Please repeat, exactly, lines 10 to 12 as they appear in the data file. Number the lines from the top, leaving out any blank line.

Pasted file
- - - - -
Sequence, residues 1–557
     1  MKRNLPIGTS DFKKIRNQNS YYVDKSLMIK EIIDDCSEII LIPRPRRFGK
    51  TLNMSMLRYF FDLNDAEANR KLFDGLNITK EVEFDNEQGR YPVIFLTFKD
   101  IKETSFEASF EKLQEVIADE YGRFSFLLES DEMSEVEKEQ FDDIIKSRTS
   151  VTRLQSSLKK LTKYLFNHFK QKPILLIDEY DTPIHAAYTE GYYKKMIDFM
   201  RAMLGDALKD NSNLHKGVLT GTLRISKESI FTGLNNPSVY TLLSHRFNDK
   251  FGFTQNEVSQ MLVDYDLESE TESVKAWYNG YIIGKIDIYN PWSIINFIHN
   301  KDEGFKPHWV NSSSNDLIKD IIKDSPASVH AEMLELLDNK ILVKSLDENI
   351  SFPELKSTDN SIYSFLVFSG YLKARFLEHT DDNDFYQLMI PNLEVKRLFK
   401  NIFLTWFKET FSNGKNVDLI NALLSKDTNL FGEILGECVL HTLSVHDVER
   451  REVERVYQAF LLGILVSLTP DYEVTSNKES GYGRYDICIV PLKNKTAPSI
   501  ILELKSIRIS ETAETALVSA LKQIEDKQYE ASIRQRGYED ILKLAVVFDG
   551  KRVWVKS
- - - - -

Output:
   401  NIFLTWFKET FSNGKNVDLI NALLSKDTNL FGEILGECVL HTLSVHDVER
   451  REVERVYQAF LLGILVSLTP DYEVTSNKES GYGRYDICIV PLKNKTAPSI
   501  ILELKSIRIS ETAETALVSA LKQIEDKQYE ASIRQRGYED ILKLAVVFDG